A History of redshift
Credit: R. McMahon & N. Tanvir; Swift Project

A History of Looking Backward

In an expanding Universe, the past moves quickly away. Astronomers tell cosmological distance from the motion of a distant object away from us. This motion produces a cosmological redshift due to the Doppler shift, and, at greater distances light takes longer to reach the observer, so observing higher redshift objects allows astronomers to see farther back in time. The graph above shows how, gradually, astronomers have been able to look at higher and higher redshifts (and thus deeper and deeper into the past) by using a variety of astronomical objects. Normal galaxies are abundant in the Universe, but, composed of "only" trillions of stars, they are rather faint. It's taken astronomers a long time to build powerful enough telescopes to identify faint, distant, red galaxies. More promising are the quasars, powered by extremely bright supermassive black holes, and easier to spot at enormous distances. Extremely powerful explosions called gamma-ray bursts give astronomers a spotlight into the early Universe; they are so powerful they can shine brightly even at great distances, but they can be hard to pinpoint. Recent advances have enabled space-based satellites like the Swift Gamma-Ray Burst finder, large ground-based telescopes, and the Hubble Space Telescope to work together to determine the host galaxies of the burst, and to measure the host's redshift. In this way astronomers have used gamma-ray bursts to quickly identify host galaxies at large redshifts. The current redshift limits these techniques have achieved is about a redshift of 6, corresponding to a time when the Universe was only a small fraction of its current age.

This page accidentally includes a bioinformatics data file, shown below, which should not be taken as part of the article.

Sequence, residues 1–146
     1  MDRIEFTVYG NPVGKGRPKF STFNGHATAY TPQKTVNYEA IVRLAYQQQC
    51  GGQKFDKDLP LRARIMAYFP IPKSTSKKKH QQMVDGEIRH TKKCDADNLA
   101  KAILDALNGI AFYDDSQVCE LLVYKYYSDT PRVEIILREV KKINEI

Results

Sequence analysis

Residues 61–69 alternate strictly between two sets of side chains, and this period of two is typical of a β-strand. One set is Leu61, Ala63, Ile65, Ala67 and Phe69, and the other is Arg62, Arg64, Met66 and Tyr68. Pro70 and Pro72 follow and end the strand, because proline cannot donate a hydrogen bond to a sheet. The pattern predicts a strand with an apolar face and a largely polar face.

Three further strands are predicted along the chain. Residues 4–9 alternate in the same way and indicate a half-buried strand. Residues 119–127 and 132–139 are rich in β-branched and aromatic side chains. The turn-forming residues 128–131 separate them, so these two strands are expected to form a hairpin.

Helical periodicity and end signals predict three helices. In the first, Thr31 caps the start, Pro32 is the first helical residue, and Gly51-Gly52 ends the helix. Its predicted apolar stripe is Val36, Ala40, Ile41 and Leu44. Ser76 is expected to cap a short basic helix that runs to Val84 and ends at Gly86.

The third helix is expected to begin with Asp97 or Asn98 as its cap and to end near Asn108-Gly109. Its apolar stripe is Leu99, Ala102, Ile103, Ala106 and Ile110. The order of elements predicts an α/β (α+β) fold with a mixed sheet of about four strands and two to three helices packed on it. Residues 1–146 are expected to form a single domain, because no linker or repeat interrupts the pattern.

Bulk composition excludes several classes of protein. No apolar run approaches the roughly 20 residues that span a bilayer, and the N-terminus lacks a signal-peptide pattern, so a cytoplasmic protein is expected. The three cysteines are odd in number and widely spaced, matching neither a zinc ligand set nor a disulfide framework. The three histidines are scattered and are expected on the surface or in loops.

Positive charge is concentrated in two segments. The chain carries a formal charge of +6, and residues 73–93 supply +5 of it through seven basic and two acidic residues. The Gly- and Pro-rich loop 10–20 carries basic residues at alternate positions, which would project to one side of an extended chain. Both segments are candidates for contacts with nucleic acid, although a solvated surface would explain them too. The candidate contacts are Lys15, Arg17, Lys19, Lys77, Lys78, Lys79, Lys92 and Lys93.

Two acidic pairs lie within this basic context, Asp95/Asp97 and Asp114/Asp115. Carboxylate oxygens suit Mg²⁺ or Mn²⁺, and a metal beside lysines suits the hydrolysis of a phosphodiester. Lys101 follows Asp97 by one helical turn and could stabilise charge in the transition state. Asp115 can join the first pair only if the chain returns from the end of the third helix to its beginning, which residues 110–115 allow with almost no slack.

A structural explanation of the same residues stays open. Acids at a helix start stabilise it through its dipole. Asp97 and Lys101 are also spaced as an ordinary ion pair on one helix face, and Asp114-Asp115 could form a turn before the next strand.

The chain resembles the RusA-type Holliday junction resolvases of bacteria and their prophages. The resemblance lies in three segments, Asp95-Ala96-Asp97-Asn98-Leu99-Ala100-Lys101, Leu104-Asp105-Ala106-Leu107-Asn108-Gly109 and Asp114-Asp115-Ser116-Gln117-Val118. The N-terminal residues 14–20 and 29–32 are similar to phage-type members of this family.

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Page Author: Dr. Michael F. Corcoran
Last modified Friday, 20-Apr-2012 15:23:12 EDT